Delay in Diagnosis Among Hospitalized Patients With Active Tuberculosis--Predictors and Outcomes

Am J Respir Crit Care Med. 2002 Apr 1;165(7):927-33. doi: 10.1164/ajrccm.165.7.2107040.

Abstract

Delayed diagnosis of active pulmonary tuberculosis (TB) among hospitalized patients is common and believed to contribute significantly to nosocomial transmission. This study was conducted to define the occurrence, associated patient risk factors, and outcomes among patients and exposed workers of delayed diagnosis of active pulmonary TB. Among 429 patients newly diagnosed to have active pulmonary TB between June 1992 and June 1995 in 17 acute-care hospitals in four Canadian cities, initiation of appropriate treatment was delayed 1 week or more in 127 (30%). This was associated with atypical clinical and demographic patient characteristics, and after adjustment for these characteristics, with admission to hospitals with low TB admission rate of 0.2-3.3 per 10,000 admissions (odds ratio [OR]: 7.4; 95% confidence interval [CI]: 3.2,17.5) or intermediate TB admissions of 3.4-9.9/10,000 (OR: 2.3; CI: 1.6,3.2) as well as potentially preventable (late) intensive care unit admission (OR: 16.8; CI: 2.0,144) and death (OR: 3.3; CI: 1.7,6.5]). In hospitals with low TB admission rates, initially missed diagnosis, smear-positive patients undergoing bronchoscopy, late intensive care unit admission (OR: 2.3; CI: 0.1,56), and death (OR: 3.8; CI: 1.2,12.1) were more common than in hospitals with high TB admissions (> 10/ 10,000); a similar trend was seen in hospitals with intermediate TB admissions. Even after adjustment for workers' characteristics and ventilation in patients' rooms tuberculin conversions were disproportionately high in hospitals with low and intermediate TB admission rates and significantly higher in hospitals with overall TB mortality rate above 10% (OR: 2.5; CI: 1.6,3.7). In the hospitals studied, as the rate of TB admissions decreased, the likelihood of poor outcomes and risk of transmission of TB infection per hospitalized patient with TB increased. Institutional risk of TB transmission was poorly correlated with number of patients with TB and better correlated with indicators of patient care such as delayed diagnosis and treatment and overall TB-related patient mortality.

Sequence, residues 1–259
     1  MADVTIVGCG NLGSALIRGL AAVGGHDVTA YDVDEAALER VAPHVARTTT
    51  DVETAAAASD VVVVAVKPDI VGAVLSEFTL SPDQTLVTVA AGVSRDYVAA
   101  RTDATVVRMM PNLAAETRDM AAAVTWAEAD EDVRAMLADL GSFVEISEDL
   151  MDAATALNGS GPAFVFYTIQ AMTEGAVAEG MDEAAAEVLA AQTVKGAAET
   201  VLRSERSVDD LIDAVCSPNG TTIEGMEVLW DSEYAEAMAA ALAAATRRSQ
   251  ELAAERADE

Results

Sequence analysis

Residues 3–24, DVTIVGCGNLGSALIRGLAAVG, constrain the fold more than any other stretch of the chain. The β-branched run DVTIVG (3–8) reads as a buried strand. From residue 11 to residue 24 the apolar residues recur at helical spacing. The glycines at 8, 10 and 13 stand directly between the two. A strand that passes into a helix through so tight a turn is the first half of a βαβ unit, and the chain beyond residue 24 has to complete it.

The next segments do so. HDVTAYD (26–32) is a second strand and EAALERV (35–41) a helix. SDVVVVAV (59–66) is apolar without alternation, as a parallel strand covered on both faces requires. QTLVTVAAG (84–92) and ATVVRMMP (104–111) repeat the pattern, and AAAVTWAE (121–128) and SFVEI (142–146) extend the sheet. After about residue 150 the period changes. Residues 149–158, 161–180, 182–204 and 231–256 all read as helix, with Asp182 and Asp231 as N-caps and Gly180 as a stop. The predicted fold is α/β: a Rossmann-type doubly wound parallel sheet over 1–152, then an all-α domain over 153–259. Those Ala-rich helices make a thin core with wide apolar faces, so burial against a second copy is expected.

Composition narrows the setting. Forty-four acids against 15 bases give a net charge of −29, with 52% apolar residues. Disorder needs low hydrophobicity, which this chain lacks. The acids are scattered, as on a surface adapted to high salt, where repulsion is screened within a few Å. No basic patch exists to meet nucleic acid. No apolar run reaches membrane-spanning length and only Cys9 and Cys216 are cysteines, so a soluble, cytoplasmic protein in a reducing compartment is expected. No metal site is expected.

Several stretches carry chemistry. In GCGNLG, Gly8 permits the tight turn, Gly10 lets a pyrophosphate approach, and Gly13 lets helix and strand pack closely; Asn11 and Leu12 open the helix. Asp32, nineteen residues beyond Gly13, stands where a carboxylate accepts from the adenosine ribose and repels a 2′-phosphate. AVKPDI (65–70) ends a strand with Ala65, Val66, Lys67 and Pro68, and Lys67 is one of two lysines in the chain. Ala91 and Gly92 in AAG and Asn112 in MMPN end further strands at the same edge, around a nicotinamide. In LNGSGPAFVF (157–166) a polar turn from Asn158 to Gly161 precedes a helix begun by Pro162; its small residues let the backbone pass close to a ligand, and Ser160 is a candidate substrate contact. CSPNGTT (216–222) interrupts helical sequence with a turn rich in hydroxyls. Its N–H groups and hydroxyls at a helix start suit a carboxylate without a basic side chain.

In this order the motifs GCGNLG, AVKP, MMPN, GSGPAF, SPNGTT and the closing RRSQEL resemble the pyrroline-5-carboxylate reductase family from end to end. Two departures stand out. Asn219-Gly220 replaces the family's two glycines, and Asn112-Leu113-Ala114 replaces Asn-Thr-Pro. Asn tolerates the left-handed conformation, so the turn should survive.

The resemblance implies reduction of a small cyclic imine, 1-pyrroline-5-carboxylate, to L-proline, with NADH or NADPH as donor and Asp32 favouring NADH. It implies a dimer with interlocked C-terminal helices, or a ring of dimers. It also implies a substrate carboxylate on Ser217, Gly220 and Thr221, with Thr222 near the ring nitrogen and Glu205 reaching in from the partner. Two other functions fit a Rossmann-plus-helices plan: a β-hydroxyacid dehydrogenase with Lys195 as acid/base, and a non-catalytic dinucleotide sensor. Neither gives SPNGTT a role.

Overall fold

Publication types

  • Multicenter Study
  • Research Support, Non-U.S. Gov't

MeSH terms

  • AIDS-Related Opportunistic Infections / diagnosis
  • AIDS-Related Opportunistic Infections / drug therapy
  • AIDS-Related Opportunistic Infections / transmission
  • Adult
  • Aged
  • Aged, 80 and over
  • Canada / epidemiology
  • Cross Infection / prevention & control
  • Cross-Sectional Studies
  • Female
  • Hospitalization*
  • Humans
  • Infectious Disease Transmission, Patient-to-Professional*
  • Logistic Models
  • Male
  • Middle Aged
  • Odds Ratio
  • Patient Admission / statistics & numerical data
  • Quality Indicators, Health Care
  • Risk Factors
  • Time Factors
  • Tuberculin Test
  • Tuberculosis, Pulmonary / diagnosis*
  • Tuberculosis, Pulmonary / drug therapy
  • Tuberculosis, Pulmonary / mortality
  • Tuberculosis, Pulmonary / transmission*